My name has not always been Diamond Mike. In fact, when I was born I never had a name. The name Michael was given to me three days later by a loving woman and man who I would later call mom and dad.
I was adopted. I never did meet my birthmother, who died in 1981. 36 years later, after submitting her death certificate to the Indiana State Department of Health, I was lawfully allowed to receive my original birth certificate. It was a rather boring slip of paper, and contained three blanks for names.
Name of Child___________.
The first blank said Mother: Betty Price. (My adoptive parents told me that.)
The second blank said Father: Unknown. (I figured that also.)
The third blank did not say Michael, as my friends have always called me. Instead, it said Name of Child: Infant.
It is claimed when my birthmother was drinking she would slur to my siblings, “One of these days we must find Jonathan.” Of course that disturbed the family deeply after telling them previously I was stillborn. So I suppose Jonathan would have been my name if she did not put me up for adoption.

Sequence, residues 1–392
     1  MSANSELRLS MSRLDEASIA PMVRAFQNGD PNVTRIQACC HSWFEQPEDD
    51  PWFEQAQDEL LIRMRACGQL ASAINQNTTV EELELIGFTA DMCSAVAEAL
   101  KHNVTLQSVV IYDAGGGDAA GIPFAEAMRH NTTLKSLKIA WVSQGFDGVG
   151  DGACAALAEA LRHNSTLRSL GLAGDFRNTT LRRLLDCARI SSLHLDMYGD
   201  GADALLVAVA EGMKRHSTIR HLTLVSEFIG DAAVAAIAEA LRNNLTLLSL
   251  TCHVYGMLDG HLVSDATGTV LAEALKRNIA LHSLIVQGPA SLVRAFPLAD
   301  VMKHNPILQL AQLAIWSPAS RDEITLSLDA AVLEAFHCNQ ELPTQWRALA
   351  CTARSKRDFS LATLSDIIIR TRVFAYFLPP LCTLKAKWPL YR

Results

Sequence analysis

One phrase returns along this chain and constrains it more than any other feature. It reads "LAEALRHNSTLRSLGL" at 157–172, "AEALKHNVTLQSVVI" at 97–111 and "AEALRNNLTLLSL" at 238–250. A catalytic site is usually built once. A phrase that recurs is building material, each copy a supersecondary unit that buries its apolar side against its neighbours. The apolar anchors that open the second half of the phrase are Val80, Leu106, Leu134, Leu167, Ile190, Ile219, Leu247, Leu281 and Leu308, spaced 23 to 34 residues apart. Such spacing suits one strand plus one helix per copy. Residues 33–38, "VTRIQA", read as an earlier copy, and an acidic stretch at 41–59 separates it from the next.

What does a Jonathan look like?
What is a Jonathan supposed to do?
Around 1996, a student drew an artistic rendering on top of a stack of mother’s essays that were submitted to my jewelry store. It said, “Go Diamond Mike!” Yes, I can be Diamond Mike, I thought.
What does a Diamond Mike look like?
What is a Diamond Mike supposed to do?
We all choose who we want to be. We can be dark villains. We can be superheroes.
Today I buy and sell diamonds. I design jewelry. I am a father and grandfather. I wear a purple tie. On occasion an umbrella is my scepter. Don’t be surprised if you ever see me wearing a purple cape.
The most important thing is to know we have been loved. But first we must have a name, define our name, and live up to our name.
My name is Diamond Mike. It is a pleasure to meet you.